[Review] Wuben H3- Nice $17 Headlamp

2 posts / 0 new
Last post
Mocarny's picture
Last seen: 13 hours 30 min ago
Joined: 05/10/2019 - 04:03
Posts: 351
Location: Poland
[Review] Wuben H3- Nice $17 Headlamp
Wuben H3

At the end there will be a summary for those who like only particulars. In each topic I will bold the key sentences, so it will be easier to notice what's the most important. Enjoy!


I've got this flashlight from Wuben, here's the link to this particular flashlight https://www.wubenlight.com/products/wuben-h3-140lumens

Table of Contents:

General parameters
- Package content
- Appearance, parameters
- UI, runtime and charging
- Waterproofness
- Light pattern, tint
- Beamshots
- Usage and my experiences

General Parameters

Brightness: white light 120 lumens max, red and blue light: 3 lumens

Modes: 3 modes of white light, 2 modes of red light and 1 of blue light, there is also SOS

Power: 2 AAA batteries

Operating time:
white light: low mode: 105 hours, medium: 7 hours, high: 2 hours
red light: 20 hours
blue light: 25 hours

Waterproof: IP65

Weight: 26g without batteries, 44g with batteries

Dimensions: 56mm x 25mm x 25mm

Price: Currently  16.99$ for one, in a set of 2 from Wuben website one comes out to 14.5$


Package content


note from the translator - isn't it the most uwu package you've ever seen??

 Appearance, parameters


I've picked the orange version, because it's my favourite colour

The headband is also orange - there is one strap around the head, cause the top one is redundant. The headband is wide, it will fit on every head and Armytek should take an inspiration from Wuben and finally understand that there are also people with bigger heads or people who would like to wear a headlamp on their winter hat.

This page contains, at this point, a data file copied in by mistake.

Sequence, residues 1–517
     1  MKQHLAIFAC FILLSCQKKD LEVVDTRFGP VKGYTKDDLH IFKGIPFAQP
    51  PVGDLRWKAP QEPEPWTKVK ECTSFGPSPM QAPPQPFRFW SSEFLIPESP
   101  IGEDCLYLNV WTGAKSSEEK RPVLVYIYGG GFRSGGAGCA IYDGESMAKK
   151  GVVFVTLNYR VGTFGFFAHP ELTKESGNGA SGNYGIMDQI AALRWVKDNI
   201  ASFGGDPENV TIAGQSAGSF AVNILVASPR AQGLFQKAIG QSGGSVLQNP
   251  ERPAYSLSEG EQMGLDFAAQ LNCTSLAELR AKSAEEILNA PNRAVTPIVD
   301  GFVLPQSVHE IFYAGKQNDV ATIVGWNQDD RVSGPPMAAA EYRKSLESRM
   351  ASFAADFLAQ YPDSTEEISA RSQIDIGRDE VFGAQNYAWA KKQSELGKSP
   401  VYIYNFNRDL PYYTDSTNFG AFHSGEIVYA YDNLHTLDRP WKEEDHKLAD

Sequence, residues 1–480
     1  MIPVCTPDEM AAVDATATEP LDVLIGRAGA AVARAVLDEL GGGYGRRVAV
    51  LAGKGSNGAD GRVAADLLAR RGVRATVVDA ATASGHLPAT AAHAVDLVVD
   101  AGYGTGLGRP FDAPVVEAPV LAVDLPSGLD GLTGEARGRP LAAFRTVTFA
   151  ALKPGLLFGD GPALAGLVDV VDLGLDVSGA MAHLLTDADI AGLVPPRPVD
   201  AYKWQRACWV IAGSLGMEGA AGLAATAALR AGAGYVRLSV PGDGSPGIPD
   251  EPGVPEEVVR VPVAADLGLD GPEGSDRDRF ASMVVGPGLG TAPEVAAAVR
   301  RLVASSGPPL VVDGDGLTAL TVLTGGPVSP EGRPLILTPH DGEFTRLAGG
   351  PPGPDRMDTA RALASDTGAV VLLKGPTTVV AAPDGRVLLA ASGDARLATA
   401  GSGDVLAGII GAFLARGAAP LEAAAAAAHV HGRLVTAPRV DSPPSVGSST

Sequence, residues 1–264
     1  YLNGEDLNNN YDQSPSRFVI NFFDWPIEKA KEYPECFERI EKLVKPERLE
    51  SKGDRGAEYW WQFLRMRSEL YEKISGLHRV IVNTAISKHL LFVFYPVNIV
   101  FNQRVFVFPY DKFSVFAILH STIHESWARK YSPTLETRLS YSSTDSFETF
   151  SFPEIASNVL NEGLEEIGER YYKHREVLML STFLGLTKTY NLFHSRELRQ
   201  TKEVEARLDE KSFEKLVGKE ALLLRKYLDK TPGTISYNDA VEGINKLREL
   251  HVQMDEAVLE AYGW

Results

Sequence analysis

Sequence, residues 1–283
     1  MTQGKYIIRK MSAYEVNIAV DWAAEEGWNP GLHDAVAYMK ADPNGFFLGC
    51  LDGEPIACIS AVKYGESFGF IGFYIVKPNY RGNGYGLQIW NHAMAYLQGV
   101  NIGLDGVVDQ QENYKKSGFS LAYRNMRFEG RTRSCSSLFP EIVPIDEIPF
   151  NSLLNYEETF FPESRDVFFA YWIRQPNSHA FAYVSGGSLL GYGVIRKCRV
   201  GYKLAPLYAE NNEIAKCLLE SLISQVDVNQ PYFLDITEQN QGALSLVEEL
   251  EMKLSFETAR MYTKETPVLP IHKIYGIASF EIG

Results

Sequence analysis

We can rotate the flashlight up and down just like a standard headlamp, but the handle also allows 360° rotation in a plane perpendicular to the standard plane. I hope the picture will help to understand it

This gives you a lot of hooking and positioning options.


In the front, there is a plastic lens and behind it we have an Osram P8 diode, on the side there are 2 diodes of red and blue light

On the left side (while having it on) there are 2 buttons, a separate switch for white light and colored light - what a good feature!

On the other side is a battery cover with a rubber O-ring. It's very hard to open, because the catch holds tight and it takes a lot of force to bend it back. The disadvantage and advantage of the presence of the o-ring, well. Or maybe it is because the headlamp is probably also directed to small users, and it would not be advisable for them to open the battery cover. It may happen that they'll like it and.. that would not be good...


It is powered by 2 AAA batteries, which are the small ones. Generally available in every mountain kiosk, so on the trail you do not have to worry about lack of light. Used cells, to save weight, can be thrown away on the way to the container for used batteries.

UI, runtime and charging

3 looped modes: 1lm - 50lm - 120lm. On/off by click, hold to change modes. Same with the second button for red and blue light. When the flashlight is off, a double click on the white light switch activates SOS. So you have to be careful, because you can accidentally( by turning on the flashlight) attract people who want to help you.


I tested the runtime of the medium mode, which is about 50 lumens on two sets of batteries:
cheap, about 1$ for 4 pieces


and twice more expensive, $2 for a pack of 4.

The result? Did twice more expensive turn out to be two times better?

No, Nein, Нет, Non, Nie...etc


The difference was small, about 15 minutes more on the better ones. Both sets did not last the claimed 7 hours, the most was 4 hours and 44 minutes until the brightness dropped to 2 lumens. I did not do longer tests, because it was supposed to be 7 hours on medium mode, not 7 hours until it goes out.